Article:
1. City of Heavenly Fire by Cassandra Clare. cityofheavenlyfire4 out of 5 stars. I started this one at the end of August, but even though I felt like I was making good progress every day, and even though this was one of my favorites in the whole series, it just went on and on forever. It was a great end to the Mortal Instruments though, and it made me more eager to carry on with my Shadowhunter marathon despite its size, so even though it may have been the beginning of my little slump (series ends occasionally do that to me), I’m calling this one a success.
  2. Because You Love to Hate Me ed. by Ameriie. 3 out of 5 stars. This collection of becauseyoulovetohatemeshort stories is a pretty new release, and I got what I wanted from it, so it’s another success for me. Although I didn’t like all of the stories, this collaboration was a great way to sample some YA authors I haven’t gotten around to reading from yet, and seeing all the different writing styles did help me decide who I did or did not want to read more from. My favorite was the V. E. Schwab story, closely followed by Soman Chainani’s story.
  3. The Blinds by Adam Sternbergh. 4 out theblindsof 5 stars. I feel a little bad about my Book of the Month subscription because I love it and I’m always so excited about the selections, but I keep falling farther behind with my monthly choices. This one’s from August, which isn’t too far back, although at the time I read it I was receiving three more for September that I knew I wouldn’t have time to read all of within the month. Anyway, this was a highly intriguing read that seemed perfect for end-of-summer reading: a little creepy and weird to start out fall, but still full of summer heat and the plot’s intriguing but not too heavy. I’m surprised I haven’t seen this one around more because I thought it was really unique and well done.
  4. Twilight by Stephenie Meyer. I can’t rate this one, and I dedicated a whole post twilightthis month to talking about why that is and more generally, why I reread it in the first place. I’ve been reading this book one chapter per day, only on days when I felt like picking up a chapter, over the course of several months. My opinions of this book, and of what I’m looking for when I read, have changed a lot since my first time through this book, and seeing those changes was probably the primary source of enjoyment for me in picking up this book again this year.
  5. The Bane Chronicles by Cassandra Clare, Sarah Rees Brennan, and Maureen Johnson. 3 out of 5 stars. Finishing The thebanechroniclesMortal Instruments with City of Heavenly Fire earlier this month put me in a great frame of mind for wanting to continue on my Shadowhunter quest. I was a little wary about this one with the additional authors, but Cassandra Clare’s writing style was still apparent, and truthfully, I think the change in medium and message was another help in refreshing my interest for continuing with the Shadowhunter books. There were  a couple of stories that I really liked, but mostly I was just enjoying the overall sense of Downworld that this book provides, and the glimpses into secondary characters from TMI and TID.
  6. Pride and Prejudice by Jane Austen. 5 out of 5 stars. Though I found this the most predictable of the Austen novels I have read thus far, I did not predict becoming so immediately and wholeheartedly engrossed in this story. I was dragging my feet a little about finally starting prideandprejudicePride and Prejudice because I was afraid it would start slowly, like the other Austen novels I’ve read. But the very first conversation in the book amused me, and by the time Mr. Darcy was complaining about the tolerable women at the novel’s first dance, I was entirely hooked. It took me a long time to actually like Mr. Darcy, but from his very first appearance he intrigued me enough that I liked reading about him. He reminded me of Bronte’s Mr. Rochester. I think Persuasion is still my favorite Austen novel so far, mostly because the ending of Pride and Prejudice didn’t particularly surprise or impress me the way that Persuasion did, but P&P is a close second. I absolutely loved Mr. Bennet’s character, which routinely made me chuckle to myself, but Mr. Collins actually made me laugh out loud on two occasions. The whole cast was highly entertaining, and after about the fifth chapter I could not put the book down to sleep at night because I had to know how it would all tie together. For a long time I was skeptical about Mr. Darcy’s love, because it seemed he’d had so little contact with the woman in question that I couldn’t quite believe he was truly in love with her for more than her looks, but by his concluding explanations I was on board. I will definitely be reading more Austen in the future, I have already watched a film adaptation of this one, and immediately after finishing P&P I jumped straight into:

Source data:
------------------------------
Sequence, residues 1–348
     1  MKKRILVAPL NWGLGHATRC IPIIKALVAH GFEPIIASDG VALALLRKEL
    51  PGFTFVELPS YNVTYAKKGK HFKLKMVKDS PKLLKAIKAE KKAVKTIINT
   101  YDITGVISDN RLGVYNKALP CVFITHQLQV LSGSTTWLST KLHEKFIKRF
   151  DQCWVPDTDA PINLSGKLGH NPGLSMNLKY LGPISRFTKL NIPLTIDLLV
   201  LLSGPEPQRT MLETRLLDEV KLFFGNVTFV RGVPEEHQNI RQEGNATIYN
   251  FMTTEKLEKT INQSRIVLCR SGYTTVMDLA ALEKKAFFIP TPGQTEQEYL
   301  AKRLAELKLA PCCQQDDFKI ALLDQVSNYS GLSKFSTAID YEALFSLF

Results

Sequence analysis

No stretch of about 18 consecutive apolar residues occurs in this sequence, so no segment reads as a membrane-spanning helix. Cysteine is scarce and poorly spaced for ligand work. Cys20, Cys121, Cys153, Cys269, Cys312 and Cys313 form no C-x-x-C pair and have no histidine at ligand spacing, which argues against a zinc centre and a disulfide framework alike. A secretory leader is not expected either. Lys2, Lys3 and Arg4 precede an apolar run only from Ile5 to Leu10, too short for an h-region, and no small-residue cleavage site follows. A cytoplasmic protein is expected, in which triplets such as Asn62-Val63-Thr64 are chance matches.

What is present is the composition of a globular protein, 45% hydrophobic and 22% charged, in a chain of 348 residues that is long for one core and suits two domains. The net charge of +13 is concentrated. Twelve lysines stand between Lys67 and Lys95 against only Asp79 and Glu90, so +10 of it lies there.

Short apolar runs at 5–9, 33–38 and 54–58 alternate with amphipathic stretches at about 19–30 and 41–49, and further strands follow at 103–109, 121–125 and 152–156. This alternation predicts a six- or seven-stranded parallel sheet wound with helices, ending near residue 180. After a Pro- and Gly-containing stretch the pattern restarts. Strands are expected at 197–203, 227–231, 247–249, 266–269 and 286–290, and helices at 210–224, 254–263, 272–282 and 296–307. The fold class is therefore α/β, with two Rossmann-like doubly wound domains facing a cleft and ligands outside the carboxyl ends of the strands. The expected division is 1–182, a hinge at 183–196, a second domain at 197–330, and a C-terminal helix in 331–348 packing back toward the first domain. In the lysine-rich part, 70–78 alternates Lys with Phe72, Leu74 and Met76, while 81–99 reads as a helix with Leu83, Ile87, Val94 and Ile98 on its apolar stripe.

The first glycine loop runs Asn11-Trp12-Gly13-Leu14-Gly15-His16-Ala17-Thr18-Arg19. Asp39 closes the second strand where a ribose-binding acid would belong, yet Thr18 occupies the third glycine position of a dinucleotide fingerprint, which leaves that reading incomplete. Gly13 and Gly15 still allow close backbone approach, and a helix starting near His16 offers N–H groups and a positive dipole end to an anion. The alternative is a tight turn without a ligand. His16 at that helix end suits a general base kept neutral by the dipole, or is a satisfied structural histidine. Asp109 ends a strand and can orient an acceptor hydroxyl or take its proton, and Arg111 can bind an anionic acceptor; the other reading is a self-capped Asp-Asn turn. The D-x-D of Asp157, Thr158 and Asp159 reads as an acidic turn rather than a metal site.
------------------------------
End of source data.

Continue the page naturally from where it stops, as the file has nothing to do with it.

7. Eligible by Curtis Sittenfeld. 5 out of 5 stars. This is a modern retelling of Austen’s classic (P&P)eligible, and especially with the plot of P&P so fresh in my mind I was curious about how it would all play out in a more familiar setting. I may have loved this one even more than the original, but it’s hard to tell. I definitely think reading P&P right before Eligible heightened my enjoyment of it. P&P is meant to be funny at times, and I was worried that expecting those same funny moments would take some of the humor out of Eligible, but if anything I found it even more amusing when I already knew which characters were going to be ridiculous. I’m really interested in checking out more of the Austen Project series for more retellings, althought I’ve heard Eligible is by far the best of them. (Has anyone read the others? Are they worth reading?)